Thomas Salmon (1679–1767) was an English historical and geographical writer.
Born at Meppershall in Bedfordshire, and baptised there on 2 February 1679, was son of Thomas Salmon, by his wife Katherine, daughter of John Bradshaw; Nathanael Salmon was his elder brother. William Cole wrote that he wrote much of his work in Cambridge, where he ran a coffee house, and then moved to London. He told Cole that he had spent time at sea, and in both the East and West Indies for some time. He also travelled in Europe.
In 1739–40 Salmon accompanied George Anson on his voyage round the world. He died on 20 January 1767.
Salmon's works were:
Salmon also, in 1725, brought out an edition of his father's Historical Collections of Great Britain. To it he prefixed a preface commenting on the partisan approaches of Paul de Rapin de Thoyras and other historians.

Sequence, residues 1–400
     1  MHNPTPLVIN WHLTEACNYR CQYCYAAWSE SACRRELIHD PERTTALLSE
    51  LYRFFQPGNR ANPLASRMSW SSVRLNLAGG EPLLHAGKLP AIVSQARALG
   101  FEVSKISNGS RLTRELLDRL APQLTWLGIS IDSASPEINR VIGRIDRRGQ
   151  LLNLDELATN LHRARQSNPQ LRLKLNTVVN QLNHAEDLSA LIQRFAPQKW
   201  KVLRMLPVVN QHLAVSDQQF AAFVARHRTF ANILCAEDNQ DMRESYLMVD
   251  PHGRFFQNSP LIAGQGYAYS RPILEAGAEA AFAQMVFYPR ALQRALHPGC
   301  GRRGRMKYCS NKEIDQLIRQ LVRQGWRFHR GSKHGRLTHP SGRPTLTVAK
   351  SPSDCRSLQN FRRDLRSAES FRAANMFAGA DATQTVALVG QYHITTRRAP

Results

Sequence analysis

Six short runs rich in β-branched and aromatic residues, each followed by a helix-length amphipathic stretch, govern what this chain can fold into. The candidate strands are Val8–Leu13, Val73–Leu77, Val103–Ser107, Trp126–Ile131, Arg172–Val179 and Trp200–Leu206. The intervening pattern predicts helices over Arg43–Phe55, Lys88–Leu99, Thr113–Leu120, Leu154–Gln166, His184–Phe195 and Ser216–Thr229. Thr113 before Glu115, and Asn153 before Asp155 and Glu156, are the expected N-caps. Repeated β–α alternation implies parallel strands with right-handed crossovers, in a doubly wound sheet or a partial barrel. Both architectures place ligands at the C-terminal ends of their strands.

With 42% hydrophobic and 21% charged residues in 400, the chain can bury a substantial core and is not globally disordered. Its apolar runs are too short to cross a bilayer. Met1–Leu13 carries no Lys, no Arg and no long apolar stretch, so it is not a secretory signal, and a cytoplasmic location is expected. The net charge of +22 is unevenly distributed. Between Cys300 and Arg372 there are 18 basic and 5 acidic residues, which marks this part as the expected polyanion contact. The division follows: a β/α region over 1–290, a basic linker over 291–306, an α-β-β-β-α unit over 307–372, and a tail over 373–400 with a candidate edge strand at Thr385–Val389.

Salmon is now credited as the initial editor of the State Trials , the collection of reports on significant trials, mostly on treason charges, that had editions well into the 19th century. Sollom Emlyn continued his five volumes, which were reprinted whole in 1730, with two more in 1735. Francis Hargrave, in a preface to the 4th edition, was explicit about Salmon's involvement in the 1738 Critical Review of the Trials. He deduced that Salmon was editor of the first edition, in 1719. He commented also on the effect of Salmon's Tory politics on the work; and (positively) on the sourcing he provided for some of the material.This identification of Salmon as original editor is now accepted. He was working for the printer John Darby the younger (died 1733) from about 1716, on materials Darby provided. His initial shaping of the collection persisted across numerous later editions.
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